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California Clipper, Humboldt Park’s Landmark Tavern, Has Closed Permanently

Brendan Sodikoff says Hogsalt couldn’t come to an agreement over rent abatement during the pandemic

A night shot of a bar with a neon red sign and brick facade.
The California Clipper will roar no more.
California Clipper [Official Photo]
Ashok Selvam is the editor of Eater Chicago and a native Chicagoan armed with more than two decades of award-winning journalism. Now covering the world of restaurants and food, his nut graphs are super nutty.

Brendan Sodikoff has closed his only bar as he confirms that they’ve shuttered the 21-year-old California Clipper and its neighboring coffee shop, C.C. Ferns. Crews were seen earlier this week emptying out the space at California and Augusta. Both stand in a historic Humboldt Park space that dates back to the early 20th Century at 1002 N. California Avenue.

Sodikoff says his company, Hogsalt Hospitality (Au Cheval, Bavette’s Bar & Boeuf), wasn’t able to come to an agreement with the property’s landlord that would make sense for the bar and coffee shop to remain as tenants. Both have stayed closed since March 16, a day before Gov. J.B. Pritzker’s executive order to close dine-in restaurants and bars went into effect.

Though Sodikoff says he carries no animosity about the decision, he did point to a “critical misunderstanding” that the public has regarding to “what this pandemic is doing to hospitality.” He declined to talk specifics regarding the space’s lease. But he did say he was hoping for an abatement period that would provide relief.

“There’s a real misunderstanding of the gravity of what kind of compromises needed to be made,” says Sodikoff.

Hogsalt took over California Clipper in 2014 and brought in a cocktail menu and made minor changes. That ruffled some regulars of the former speakeasy which has a history that dates back to 1937. Prior to that, it was a movie theater. With a room engulfed with red lights (think Blade Runner) and a small stage in back for live music, the space has been a part of Humboldt Park and West Town nightlife for nearly 90 years. Blues and honky tonk were among the music genres performed in the no-nonsense tavern. The bar’s previous incarnation had a backroom for larger groups and events like art shows. Hogsalt converted that space into a coffeeshop, C.C. Ferns.

The Clipper holds historic significance for Chicago’s bar culture. Sodikoff says Hogsalt retains the rights to the bar’s name and could use it again in the future. While he holds optimism that the restaurant and bar industry can eventually recover as a whole — especially if the government makes an industry-specific aid program available — he’s unsure when. It might be in a few months, it might take a year.

“If you do the math on just paying the rent on an already slim-margin business, there’s just not much choice in it,” Sodikoff says.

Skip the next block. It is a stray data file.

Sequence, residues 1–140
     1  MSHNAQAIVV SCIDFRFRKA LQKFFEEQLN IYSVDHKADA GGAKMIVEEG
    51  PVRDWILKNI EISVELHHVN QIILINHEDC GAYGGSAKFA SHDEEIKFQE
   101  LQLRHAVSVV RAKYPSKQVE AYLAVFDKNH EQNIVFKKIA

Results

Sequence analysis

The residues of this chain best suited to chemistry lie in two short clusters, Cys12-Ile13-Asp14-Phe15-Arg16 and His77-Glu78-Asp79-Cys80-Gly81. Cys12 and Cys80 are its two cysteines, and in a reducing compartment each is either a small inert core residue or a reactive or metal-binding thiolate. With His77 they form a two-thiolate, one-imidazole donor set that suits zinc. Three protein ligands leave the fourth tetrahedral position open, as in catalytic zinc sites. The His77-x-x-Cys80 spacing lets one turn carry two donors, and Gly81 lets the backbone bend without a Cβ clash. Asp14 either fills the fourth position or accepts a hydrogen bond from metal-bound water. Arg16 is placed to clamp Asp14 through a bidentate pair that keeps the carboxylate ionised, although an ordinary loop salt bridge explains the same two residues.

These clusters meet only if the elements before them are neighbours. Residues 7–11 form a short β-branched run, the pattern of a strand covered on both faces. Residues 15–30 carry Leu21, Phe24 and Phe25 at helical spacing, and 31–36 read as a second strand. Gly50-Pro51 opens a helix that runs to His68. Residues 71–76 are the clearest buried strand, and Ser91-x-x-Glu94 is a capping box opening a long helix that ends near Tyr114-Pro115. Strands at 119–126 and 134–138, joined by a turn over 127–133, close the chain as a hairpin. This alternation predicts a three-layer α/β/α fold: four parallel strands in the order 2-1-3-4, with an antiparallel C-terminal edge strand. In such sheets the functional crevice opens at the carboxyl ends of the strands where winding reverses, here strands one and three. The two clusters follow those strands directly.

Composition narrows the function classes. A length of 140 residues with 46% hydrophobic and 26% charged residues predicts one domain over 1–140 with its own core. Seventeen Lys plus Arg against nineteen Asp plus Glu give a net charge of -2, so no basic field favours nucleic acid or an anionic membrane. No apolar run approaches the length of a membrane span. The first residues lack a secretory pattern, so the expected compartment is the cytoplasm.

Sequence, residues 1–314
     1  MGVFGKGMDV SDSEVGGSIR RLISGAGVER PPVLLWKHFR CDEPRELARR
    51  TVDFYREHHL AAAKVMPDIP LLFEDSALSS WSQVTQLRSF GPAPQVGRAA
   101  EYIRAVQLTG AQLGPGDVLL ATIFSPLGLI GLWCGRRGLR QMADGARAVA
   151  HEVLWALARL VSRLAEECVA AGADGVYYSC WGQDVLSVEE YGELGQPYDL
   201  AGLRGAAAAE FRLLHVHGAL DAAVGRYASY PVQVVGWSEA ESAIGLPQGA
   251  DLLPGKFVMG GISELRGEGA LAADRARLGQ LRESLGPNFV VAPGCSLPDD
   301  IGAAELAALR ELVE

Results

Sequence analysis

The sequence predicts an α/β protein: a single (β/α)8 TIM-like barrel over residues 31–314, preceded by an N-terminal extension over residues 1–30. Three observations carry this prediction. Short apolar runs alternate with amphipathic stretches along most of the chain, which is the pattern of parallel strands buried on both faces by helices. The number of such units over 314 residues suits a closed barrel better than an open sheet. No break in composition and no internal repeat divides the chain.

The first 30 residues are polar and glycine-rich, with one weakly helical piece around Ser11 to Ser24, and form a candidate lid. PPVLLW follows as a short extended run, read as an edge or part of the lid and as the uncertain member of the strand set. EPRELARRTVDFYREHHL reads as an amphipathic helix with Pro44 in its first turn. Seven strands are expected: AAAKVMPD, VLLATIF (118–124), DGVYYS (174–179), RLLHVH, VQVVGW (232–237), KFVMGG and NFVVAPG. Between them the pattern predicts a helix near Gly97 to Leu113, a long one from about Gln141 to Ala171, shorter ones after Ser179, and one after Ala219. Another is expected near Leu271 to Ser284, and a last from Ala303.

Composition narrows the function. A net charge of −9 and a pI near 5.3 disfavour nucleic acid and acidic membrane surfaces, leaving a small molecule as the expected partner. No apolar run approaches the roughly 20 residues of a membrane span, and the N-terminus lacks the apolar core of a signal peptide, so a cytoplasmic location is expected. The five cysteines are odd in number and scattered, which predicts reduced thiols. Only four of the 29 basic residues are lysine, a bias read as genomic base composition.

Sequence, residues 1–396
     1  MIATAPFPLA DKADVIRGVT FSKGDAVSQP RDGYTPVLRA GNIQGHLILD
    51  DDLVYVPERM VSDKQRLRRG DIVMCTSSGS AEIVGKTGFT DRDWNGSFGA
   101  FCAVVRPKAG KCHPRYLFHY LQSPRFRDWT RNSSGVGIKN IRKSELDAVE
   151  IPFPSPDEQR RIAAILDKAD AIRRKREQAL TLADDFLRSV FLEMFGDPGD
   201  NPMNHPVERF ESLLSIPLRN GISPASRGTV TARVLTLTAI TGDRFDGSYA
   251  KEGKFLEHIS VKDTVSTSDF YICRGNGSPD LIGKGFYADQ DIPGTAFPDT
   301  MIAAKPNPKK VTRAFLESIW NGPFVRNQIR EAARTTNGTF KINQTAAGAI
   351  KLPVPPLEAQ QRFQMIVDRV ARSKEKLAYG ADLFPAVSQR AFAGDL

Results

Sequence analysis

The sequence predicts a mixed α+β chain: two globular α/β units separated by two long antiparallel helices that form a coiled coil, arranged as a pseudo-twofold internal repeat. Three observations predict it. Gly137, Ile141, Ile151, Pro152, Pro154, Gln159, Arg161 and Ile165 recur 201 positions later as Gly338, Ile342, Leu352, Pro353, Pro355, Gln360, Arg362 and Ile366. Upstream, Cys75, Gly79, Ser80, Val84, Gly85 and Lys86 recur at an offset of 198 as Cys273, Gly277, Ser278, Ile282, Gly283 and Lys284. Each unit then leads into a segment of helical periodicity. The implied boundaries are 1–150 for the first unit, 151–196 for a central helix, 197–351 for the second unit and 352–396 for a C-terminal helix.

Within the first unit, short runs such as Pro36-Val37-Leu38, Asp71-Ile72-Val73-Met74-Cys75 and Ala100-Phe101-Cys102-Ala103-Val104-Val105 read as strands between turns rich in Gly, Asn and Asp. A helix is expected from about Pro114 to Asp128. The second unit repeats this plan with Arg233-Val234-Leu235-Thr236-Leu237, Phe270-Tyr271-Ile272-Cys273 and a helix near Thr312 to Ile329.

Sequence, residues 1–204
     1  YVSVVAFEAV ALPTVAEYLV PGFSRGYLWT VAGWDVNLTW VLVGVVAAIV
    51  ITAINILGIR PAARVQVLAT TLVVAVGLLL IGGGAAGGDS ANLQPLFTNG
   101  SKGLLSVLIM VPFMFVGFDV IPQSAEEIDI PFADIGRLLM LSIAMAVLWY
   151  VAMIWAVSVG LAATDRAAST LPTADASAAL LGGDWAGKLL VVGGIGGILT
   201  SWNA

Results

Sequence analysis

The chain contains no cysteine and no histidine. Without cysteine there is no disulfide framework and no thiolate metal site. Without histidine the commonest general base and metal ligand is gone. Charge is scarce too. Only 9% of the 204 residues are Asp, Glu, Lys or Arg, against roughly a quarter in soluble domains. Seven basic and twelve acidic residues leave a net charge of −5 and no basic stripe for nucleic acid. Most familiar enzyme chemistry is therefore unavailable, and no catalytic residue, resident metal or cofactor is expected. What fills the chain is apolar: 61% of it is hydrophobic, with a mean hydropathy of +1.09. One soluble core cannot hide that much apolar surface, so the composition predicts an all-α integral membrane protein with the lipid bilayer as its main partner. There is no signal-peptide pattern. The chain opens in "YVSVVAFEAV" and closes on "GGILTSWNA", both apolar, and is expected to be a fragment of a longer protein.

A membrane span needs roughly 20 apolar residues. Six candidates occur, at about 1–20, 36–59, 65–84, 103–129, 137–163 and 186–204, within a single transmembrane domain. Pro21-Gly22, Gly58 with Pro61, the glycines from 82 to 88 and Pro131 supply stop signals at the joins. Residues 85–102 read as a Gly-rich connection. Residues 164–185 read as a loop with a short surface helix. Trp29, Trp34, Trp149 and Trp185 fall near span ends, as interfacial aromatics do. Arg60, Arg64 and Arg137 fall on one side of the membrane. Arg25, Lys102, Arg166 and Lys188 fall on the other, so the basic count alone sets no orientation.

In the midst of the pandemic, Sodikoff is hopeful landlords across the country could work with restaurant and bar owners. He understands landlords need to pay property taxes and bills. He also says if a tenant has to leave, there won’t be anyone waiting in line to sign a lease.

“I don’t think [landlords] understand there’s no one to take their place,” Sodikoff says.

Gino Battaglia owns properties on all four corners at Augusta and California, including the former Clipper space. He didn’t immediately respond to a request for comment.

Hogsalt may be best known for Au Cheval, the diner-inspired West Loop restaurant that has a New York location that also server its famous burger. The company also runs Bavette’s, a River North steakhouse with a Las Vegas location. Other locations include the Doughnut Vault, Ciccio Mio, High Five Ramen/Green Street Smoked Meats, and Small Cheval.

Though he’s skeptical of the financial feasibility of outdoor dining, Sodikoff hopes to bring all the restaurants back when it’s safe. Both Small Cheval locations in Old Town and Wicker Park have large patios which would make them friendly when Chicago allows outdoor dining in early June.

Hogsalt quickly furloughed its workers in mid-March hoping to give them chances to file for unemployment benefits as soon as possible, Sodikoff says. In April, select restaurants began offering takeout and that allowed Hogsalt to bring back 200 workers in various capacities. The company would terminate the rest of the force while continuing to pay health care premiums for about a month and a half afterward. Sodikoff says it was a tough decision, but given the information they had, they weren’t sure how long they’d remain closed. It was time to encourage workers to find employment outside the hospitality sector. Hogsalt established a GoFundMe page where they’ve raised more than $167,000.

In this new reality, which has shifted several times over the last few months, Sodikoff says that restaurants have become beholden to third-party delivery services with dining rooms closed. He’s not a fan. They’ve been using Caviar at Small Cheval, and he’s aware of the City Council debate over limiting delivery fees. Sodikoff says restaurant owners have long memories and will remember if companies take advantage of them.

“At the end of the day — first and foremost — this crisis will end and restaurants are forever,” Sodikoff says. “But I think it’s not so much for City Council, but it’s for [delivery companies] to do the right thing and support these businesses. Don’t squeeze them in this time of crisis.”

C.C. Ferns

2806 West Augusta Boulevard, , IL 60622 (773) 384-2547 Visit Website

California Clipper

1002 N California Ave, Chicago, IL 60622 (773) 384-2547 Visit Website